Six months into the hell-year that is 2020, and Ori and the Will of the Wisps exists as a brief glimmer of hope that made some of the last six months that little bit more bearable. The game is stellar, its challenge is tight and it happens to be put together with love and care. As an expression of art, Ori’s latest venture is a visual and an audio masterpiece on the Xbox One.
Just don’t expect to see it make the hop over to Nintendo Switch anytime soon…or ever. In a recent Reddit Ask Me Anything session, Moon Studios lead engineer Gennadiy Korol was quizzed on if Ori and the Will of the Wisps would head on over to Nintendo Switch like the first game, Ori and the Blind Forest, did in 2019. “Right now we don’t have anything to share when it comes to Ori and the Will of the Wisps port,” Korol wrote.
If it were to ever happen though I can tell you that it would be (an) extremely difficult port to make run at 60fps.
That’s not exactly surprising news. It may look a bright 2D platformer at first glance, but Ori and the Will of the Wisps is anything but that. As Digital Foundry explained back in March, even on Xbox One X Ori and the Will of the Wisps still experienced heavy frame drops on launch and a few other performance issues. On Xbox One, the game ran at 900p and still regularly dipped on the frame-rate side when the action got too hot.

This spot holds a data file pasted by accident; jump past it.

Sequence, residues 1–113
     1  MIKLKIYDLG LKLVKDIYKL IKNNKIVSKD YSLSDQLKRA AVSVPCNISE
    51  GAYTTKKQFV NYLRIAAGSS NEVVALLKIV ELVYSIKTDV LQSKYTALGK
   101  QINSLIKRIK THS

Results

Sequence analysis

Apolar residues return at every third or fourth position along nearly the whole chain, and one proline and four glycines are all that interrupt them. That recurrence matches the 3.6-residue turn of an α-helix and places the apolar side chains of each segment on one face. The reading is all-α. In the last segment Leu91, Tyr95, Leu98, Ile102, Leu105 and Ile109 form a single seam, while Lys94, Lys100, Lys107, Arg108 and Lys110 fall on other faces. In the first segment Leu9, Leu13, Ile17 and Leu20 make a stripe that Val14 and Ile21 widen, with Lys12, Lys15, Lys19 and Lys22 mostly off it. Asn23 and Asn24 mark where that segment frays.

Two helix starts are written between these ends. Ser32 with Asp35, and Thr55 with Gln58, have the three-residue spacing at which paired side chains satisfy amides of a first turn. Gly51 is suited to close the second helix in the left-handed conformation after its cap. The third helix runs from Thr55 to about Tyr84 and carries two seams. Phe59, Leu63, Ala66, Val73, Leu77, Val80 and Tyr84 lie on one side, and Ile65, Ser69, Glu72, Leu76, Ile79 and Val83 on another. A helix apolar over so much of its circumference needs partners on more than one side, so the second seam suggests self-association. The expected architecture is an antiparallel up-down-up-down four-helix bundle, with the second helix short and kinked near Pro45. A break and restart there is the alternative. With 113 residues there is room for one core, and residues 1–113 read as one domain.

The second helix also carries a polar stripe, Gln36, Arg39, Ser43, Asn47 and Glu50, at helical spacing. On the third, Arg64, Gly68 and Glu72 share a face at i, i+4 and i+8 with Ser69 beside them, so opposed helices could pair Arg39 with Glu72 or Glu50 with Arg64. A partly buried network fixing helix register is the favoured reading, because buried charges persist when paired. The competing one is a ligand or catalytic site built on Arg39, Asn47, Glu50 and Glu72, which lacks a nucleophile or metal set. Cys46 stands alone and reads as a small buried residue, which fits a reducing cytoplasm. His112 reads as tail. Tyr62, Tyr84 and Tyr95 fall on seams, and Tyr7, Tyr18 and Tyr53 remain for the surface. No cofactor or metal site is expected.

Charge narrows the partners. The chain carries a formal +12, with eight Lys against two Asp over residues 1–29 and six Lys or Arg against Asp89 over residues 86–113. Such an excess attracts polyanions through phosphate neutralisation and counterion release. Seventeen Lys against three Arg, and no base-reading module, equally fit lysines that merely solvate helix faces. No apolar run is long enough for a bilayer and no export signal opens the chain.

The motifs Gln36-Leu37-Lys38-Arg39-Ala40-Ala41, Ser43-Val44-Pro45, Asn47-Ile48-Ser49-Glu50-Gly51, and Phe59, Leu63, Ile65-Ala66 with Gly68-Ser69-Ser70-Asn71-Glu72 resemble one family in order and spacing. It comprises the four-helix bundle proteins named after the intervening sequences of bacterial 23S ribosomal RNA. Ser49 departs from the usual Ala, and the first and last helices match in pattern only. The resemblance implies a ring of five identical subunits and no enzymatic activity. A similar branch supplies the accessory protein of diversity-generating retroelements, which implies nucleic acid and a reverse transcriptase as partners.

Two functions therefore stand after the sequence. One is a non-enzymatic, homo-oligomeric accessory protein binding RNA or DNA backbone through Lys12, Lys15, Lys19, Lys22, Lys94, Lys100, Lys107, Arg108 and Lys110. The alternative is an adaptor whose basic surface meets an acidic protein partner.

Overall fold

Moon Studios has ironed out most of those wrinkles so far, but if the latest Ori game experienced performance anxiety on the most powerful console of this generation? Imagine how it’d fare on Nintendo’s more modestly specced system. Further on in the AMA, lead designer Chris McEntee also commented on a potential Ori 3, but for now it looks like the door has been closed on that series. “We really felt that we told the story that we wanted to tell–Ori’s story–across the two games.”
We’ve left the door cracked open a bit for a potential continuation, though we don’t have anything specific to share at this point and time.
Moon Studios has another game in development, one that is said to radically different from Ori and leans far away from the fantasy roots where they made their name known in the industry. “Using a fantasy setting certainly helps us tell stories that we otherwise couldn’t tell in this way. An interesting experiment would be to take the Ori story and just try to tell that through humans,” studio founder Thomas Mahler said to Gamespot.
Kuro kind of commits genocide. Right? Holy shit, that’s crazy. But using fantasy creatures and doing that, it allows us to tell really harsh emotional stories without people questioning it. We’re dealing with that right now, our next game is about humans and so on. It definitely makes it easier with these fantastical creatures. I’m amazed how much stuff I get away with that’s actually quite shocking if you think about it.
Last Updated: June 29, 2020